APO Director joins international committee for FAST terminology

APO Director, Amanda Lawrence recently joined the first international FAST Policy and Outreach Committee (FPOC) – one of the library domain’s most widely-used subject terminology schemas.

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‘APO adopted the FAST classification system a few years ago, and it’s also used by the Informit database, Amanda Lawrence says. ‘We have been focusing on making APO more interoperable with other systems over the past few years. Working with an international vocabulary like FAST is part of the information infrastructure that supports that goal.’

OCLC support for FAST

FAST (or Faceted Application of Subject Terminology) is is a collaborative effort between the Online Computer Library Center (OCLC) Research and the Library of Congress, dating all the way back to 1998.

OCLC is committed to the growth and support of FAST and are actively working to transition it from an experimental research environment to OCLC production servers. The first stage, which is underway, is transitioning FAST to a production database and they are currently analysing options for next steps, based on community needs and interest.

FPOC Committee

Based in the US, OCLC has partnered with representatives from the library community to create a new FAST Policy and Outreach Committee (FPOC).

‘This is the first time that there has been an international committee to discuss the future developments of FAST,’ says Lawrence.

FPOC will represent users of FAST for the purposes of:

  • establishing editorial policies regarding terms
  • overseeing community engagement, term contributions and procedures
  • recommending directions and goals for development/improvements
  • and much more (see http://oc.lc/FASTcommittee for additional details).

Continue reading “APO Director joins international committee for FAST terminology”

Highlights from the KM2018 conference

In the first week of July, Amanda Lawrence and I attended the Knowledge Mobilisation Conference (KM2018) in Sydney, hosted by the Sax Institute. It was a packed event, with an audience of about 60 per cent researchers, 20 per cent policy makers, and the rest somewhere in between.

Amanda presenting at KM2018
Amanda presenting at 2018 Knowledge Mobilisation conference in Sydney

bridge

The discussions and workshops were all about ways to bridge the gap between researchers and policy makers. The focus was on health, but the learnings are applicable across all public policy.

My key points from the conference:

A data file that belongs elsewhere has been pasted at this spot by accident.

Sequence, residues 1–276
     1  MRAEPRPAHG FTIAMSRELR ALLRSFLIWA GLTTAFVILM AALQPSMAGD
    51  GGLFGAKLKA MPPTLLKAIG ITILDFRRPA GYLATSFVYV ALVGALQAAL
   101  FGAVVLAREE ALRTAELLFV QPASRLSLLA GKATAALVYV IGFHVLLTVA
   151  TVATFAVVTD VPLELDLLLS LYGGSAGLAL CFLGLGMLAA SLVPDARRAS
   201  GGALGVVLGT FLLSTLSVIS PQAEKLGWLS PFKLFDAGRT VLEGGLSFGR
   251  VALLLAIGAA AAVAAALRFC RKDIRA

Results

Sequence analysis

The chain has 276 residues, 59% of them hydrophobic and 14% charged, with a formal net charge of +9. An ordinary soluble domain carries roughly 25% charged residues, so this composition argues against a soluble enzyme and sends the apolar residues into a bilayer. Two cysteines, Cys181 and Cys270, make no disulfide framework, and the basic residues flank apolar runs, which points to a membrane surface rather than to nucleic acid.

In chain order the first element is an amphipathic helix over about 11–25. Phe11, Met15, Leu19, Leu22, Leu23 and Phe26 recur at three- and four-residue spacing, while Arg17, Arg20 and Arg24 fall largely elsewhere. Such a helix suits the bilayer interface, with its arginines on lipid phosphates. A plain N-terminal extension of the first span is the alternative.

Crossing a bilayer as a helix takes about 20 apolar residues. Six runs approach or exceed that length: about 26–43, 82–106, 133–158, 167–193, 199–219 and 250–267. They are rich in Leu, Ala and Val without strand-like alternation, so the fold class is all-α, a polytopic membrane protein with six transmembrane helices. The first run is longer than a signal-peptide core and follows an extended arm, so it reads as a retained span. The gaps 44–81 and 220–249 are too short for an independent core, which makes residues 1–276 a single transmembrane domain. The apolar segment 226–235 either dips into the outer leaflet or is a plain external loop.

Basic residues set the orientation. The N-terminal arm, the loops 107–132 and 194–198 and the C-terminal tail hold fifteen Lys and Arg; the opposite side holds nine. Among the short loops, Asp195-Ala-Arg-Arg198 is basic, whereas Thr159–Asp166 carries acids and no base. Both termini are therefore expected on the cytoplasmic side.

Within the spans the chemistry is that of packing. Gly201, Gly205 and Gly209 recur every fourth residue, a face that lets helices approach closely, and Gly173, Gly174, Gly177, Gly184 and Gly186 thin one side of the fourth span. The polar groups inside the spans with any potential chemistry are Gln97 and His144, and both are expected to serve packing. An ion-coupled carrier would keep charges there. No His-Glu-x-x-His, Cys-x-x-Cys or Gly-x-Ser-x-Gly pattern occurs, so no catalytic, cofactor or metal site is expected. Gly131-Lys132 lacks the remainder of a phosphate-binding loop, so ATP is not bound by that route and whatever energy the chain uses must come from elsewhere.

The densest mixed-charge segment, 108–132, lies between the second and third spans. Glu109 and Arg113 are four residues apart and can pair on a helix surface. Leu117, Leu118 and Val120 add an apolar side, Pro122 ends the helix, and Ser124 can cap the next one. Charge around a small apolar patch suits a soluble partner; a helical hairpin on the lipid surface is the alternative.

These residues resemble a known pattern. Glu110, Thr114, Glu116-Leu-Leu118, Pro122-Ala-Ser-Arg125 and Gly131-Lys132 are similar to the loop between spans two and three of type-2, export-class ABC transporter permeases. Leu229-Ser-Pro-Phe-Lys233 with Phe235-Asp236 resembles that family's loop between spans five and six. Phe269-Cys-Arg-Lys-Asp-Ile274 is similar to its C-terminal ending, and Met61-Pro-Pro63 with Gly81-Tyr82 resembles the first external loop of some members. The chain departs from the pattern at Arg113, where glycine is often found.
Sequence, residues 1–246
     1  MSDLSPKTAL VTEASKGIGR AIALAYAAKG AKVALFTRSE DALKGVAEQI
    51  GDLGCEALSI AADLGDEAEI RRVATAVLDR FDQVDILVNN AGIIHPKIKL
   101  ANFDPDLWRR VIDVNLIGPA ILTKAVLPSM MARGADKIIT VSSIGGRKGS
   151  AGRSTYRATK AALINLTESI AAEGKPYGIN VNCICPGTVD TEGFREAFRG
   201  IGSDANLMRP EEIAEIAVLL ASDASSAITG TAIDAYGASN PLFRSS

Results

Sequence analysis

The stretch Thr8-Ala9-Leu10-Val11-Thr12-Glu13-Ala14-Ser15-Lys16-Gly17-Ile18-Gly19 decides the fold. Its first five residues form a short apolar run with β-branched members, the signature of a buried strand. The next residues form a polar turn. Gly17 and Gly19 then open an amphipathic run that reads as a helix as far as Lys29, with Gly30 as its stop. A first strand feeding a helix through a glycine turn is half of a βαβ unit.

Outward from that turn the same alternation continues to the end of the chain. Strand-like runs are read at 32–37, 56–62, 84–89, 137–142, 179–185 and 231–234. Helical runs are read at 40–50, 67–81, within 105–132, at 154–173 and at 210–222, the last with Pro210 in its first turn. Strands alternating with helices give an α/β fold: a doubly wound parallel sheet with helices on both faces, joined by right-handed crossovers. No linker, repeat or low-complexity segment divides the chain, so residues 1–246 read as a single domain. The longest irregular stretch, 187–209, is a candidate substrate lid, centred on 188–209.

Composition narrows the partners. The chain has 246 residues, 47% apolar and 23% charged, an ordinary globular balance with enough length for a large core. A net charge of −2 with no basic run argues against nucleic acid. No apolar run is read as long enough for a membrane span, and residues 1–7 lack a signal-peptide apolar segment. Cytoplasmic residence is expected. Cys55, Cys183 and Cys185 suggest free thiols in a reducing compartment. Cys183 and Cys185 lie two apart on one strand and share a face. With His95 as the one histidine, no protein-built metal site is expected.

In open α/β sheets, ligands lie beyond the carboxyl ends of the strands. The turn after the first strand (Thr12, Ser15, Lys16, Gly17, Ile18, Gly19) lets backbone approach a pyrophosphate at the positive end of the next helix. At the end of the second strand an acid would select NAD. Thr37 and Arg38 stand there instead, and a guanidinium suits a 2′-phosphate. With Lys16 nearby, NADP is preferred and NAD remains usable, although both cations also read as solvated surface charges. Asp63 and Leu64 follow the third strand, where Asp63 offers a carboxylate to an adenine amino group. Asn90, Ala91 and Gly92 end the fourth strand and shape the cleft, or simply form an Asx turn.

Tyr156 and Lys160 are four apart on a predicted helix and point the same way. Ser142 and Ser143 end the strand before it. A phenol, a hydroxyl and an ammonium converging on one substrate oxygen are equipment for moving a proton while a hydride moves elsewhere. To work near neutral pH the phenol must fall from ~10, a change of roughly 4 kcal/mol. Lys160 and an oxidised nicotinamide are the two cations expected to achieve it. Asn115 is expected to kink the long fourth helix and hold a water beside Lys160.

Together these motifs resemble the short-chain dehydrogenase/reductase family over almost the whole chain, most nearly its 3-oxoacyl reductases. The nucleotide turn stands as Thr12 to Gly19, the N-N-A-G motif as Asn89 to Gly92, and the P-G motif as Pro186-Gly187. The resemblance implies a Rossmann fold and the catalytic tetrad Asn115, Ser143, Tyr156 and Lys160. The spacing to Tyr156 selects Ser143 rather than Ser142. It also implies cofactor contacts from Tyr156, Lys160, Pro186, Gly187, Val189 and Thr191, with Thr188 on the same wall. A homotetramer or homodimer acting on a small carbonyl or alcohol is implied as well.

Finding, building and sustaining relationships

Researchers are challenged by the situation where people in government adviser roles change frequently, making it difficult to engage, and sustain engagement.

And from the other side, it is hard to ‘find an expert’.

While at the same time it is recognised that relationship building, and ‘deliberative dialogues’, help with knowledge translation.

Speaking the right language, as well as listening the right way Continue reading “Highlights from the KM2018 conference”

APO’s crusade against broken links

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Image: Jakob Owens (Unsplash)

Broken links have become synonymous with web browsing. There are a number of reasons why and how they occur, most commonly involving a web page being moved without a proper re-direct being put in place or a change to the URL structure of the website the user is trying to reach.

‘Broken’ links are when your web browser actually displays a ‘Page not found’ error message (sometimes displayed as ‘404: Not found’). Continue reading “APO’s crusade against broken links”

Welcome changes to the Copyright Act

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Icons borrowed from ADA

While copyright reform moves at a glacial pace, it is pleasing to report that in 2017 the Australian Government introduced important changes to copyright law in the form of the Copyright Amendment (Disability Access and Other Measures) Act 2017 which came into force on Friday 22 December. The changes it brings about are the most significant to Australian copyright law in over a decade, according to the Australian Digital Alliance (ADA). The ADA report states that the Amendment:

‘…ends the antiquated concept of perpetual copyright for unpublished works, instead applying the same basic terms to all materials, regardless of whether they are published or not. It also applies flat terms to orphan works whose authors cannot be identified 70 years from when they were created or made public (this fact sheet on the changes from the Australian Libraries Copyright Committee explains what all this means).

When these laws come into effect on 1 January 2019 they will apply to all works currently protected by copyright in Australia. This means that literally millions of old unpublished works from our national collections will enter the public domain all at once, including recipes used by Captain Cook, letters written by Jane Austen and endless ephemera. Every year after that, unpublished works whose authors died 70 years earlier will also fall into the public domain, and orphan works created/made public 70 years earlier.’

Continue reading “Welcome changes to the Copyright Act”